Panem et circenses

In the case of politics, the Latin phrase panem et circenses (bread and circuses) is used to describe the creation of public approval, not through exemplary or excellent public service or public policy, but through diversion, distraction, and/or the mere satisfaction of the immediate, shallow requirements of a populace.

The economic crisis in Greece offers a great opportunity for politicians to demonstrate the ancient Roman wisdom but, alas, after having cut down the bread they now tamper with the circuses too.

Last Saturday, during the football match between Panathinaikos and Ergotelis at the Athens Olympic Stadium, a handful of Panathinaikos fans raised the banner in the photo on which they wrote “Politicians you are crooks, comfortably seated in the Parliament, the rebels’ wrath will drown you”. Forgive my hurried translation but it actually rhymes in Greek. Anyway, the referee decided to stop the game after the fourth referee noticed the banner, with the excuse of UEFA regulation that forbids banners with political messages. They called the fans to take it down but the fans denied.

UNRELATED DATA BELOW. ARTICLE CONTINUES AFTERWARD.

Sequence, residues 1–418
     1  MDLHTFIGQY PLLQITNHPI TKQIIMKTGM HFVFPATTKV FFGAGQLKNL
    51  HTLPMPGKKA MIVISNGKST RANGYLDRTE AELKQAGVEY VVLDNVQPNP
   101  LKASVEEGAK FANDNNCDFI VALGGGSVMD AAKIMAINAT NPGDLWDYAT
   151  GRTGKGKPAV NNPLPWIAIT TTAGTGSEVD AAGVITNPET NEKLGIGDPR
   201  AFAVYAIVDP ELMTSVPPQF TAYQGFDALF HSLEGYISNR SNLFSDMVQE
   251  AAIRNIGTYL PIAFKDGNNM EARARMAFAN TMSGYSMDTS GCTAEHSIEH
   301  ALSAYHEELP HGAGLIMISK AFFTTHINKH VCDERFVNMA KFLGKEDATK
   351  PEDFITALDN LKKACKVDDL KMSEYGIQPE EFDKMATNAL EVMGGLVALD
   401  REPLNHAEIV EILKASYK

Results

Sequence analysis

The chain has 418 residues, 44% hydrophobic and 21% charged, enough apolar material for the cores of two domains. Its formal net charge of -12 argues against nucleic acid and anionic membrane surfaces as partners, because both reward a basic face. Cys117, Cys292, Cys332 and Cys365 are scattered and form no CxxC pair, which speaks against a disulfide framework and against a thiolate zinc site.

The funny thing was that the banner annoyed the authorities so much that, after the match, policemen conducted checks in several fans’ cars and managed to find and arrest the owners of the sinful piece of cloth. Now, this would sound perfectly normal in a functioning European country but in the Greek bananaland the authorities haven’t showed an equal sensitivity when hooligans were breaking the stadium’s seats, were setting small fires in the stands or when, a couple of years ago, a fan threw a dangerous firework that amputated the finger of a security guard at the Olympic Stadium.

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